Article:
(i) Perform appropriate toxicologic tests and retain portions of the tested samples to permit retesting;

a. Tissues: 150 grams of liver and kidney should be saved routinely. Brain, hair and adipose tissue may be saved for additional studies in cases where drugs, poisons or other toxic substances are suspected;

b. Fluids: 50 cc (if possible) of blood (spin and save serum in all or some of the tubes), all available urine, vitreous humor and stomach contents should be saved routinely. Bile, regional gastrointestinal tract contents and cerebrospinal fluid should be saved in cases where drugs, poisons or toxic substances are suspected. Oral, vaginal and rectal fluid should be saved in cases of suspected sexual assault;

(ii) Representative samples of all major organs, including areas of normal and any abnormal tissue, should be processed histologically and stained with hematoxylin and eosin (and other stains as indicated). The slides, wet tissue and paraffin blocks should be kept indefinitely;

(iii) Evidence that must be saved includes:

a. All foreign objects, including projectiles, projectile fragments, pellets, knives and fibres. Projectiles must be subjected to ballistic analysis;

b. All clothes and personal effects of the deceased, worn by or in the possession of the deceased at the time of death;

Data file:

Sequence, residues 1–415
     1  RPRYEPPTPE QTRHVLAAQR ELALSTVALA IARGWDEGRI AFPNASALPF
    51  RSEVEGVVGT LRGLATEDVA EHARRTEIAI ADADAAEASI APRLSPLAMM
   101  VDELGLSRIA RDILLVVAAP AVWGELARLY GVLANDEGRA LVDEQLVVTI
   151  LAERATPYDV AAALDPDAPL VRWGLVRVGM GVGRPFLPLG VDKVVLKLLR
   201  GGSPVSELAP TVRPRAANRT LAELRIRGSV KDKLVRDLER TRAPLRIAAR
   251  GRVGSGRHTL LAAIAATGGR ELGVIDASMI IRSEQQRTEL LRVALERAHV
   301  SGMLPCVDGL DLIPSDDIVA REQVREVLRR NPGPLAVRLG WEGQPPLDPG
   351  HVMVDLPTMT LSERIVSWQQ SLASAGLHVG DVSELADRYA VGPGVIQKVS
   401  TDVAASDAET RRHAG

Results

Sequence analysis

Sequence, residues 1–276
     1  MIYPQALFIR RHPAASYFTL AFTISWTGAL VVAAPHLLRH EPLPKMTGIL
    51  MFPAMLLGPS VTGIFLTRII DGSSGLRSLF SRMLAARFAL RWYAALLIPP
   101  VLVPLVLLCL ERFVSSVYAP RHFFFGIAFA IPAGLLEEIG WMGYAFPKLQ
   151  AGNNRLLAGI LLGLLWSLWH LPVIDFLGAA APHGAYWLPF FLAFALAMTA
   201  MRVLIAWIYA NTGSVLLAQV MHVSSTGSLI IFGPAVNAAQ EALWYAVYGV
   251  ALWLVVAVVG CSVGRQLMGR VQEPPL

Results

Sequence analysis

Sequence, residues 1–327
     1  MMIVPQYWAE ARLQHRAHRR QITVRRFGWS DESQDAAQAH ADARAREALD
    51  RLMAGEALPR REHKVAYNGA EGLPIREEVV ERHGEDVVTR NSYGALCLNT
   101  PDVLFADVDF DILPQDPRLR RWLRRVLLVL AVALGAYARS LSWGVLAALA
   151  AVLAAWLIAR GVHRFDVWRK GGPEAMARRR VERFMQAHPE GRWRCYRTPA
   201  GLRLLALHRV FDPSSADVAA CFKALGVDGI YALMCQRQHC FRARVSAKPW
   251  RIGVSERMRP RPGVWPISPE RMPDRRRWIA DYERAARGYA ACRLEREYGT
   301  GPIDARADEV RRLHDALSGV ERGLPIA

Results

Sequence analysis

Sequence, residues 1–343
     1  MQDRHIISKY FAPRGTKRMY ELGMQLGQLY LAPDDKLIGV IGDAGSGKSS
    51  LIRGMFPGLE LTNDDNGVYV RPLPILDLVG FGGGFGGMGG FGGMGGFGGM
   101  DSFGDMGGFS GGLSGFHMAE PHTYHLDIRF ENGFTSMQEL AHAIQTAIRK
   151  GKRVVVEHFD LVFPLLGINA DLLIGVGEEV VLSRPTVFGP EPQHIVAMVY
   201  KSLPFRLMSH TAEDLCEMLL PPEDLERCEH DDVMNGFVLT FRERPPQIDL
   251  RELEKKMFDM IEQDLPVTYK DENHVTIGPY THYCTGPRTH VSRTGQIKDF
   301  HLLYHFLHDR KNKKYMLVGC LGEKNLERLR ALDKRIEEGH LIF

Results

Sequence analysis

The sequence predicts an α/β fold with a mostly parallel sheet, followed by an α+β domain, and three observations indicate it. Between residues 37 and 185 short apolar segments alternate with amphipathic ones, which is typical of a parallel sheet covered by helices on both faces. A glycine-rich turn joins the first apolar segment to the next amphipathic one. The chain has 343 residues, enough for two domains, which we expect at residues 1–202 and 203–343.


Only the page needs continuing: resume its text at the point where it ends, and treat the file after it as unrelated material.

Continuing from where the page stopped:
c. Fingernails and under nail scrapings;

d. Hair, foreign and pubic, in cases of suspected sexual assault;

e. Head hair, in cases where the place of death or location of the body prior to its discovery may be an issue;

(j) After the autopsy, all unretained organs should be replaced in the body, and the body should be well embalmed to facilitate a second autopsy in case one is desired at some future point;

(k) The written autopsy report should address those items that are emphasized in boldface type in the protocol. At the end of the autopsy report should be a summary of the findings and the cause of death. This should include the prosector's comments attributing any injuries to external trauma, therapeutic efforts, postmortem change, or other causes. A full report should be given to the appropriate authorities and to the deceased's family.


A. Introduction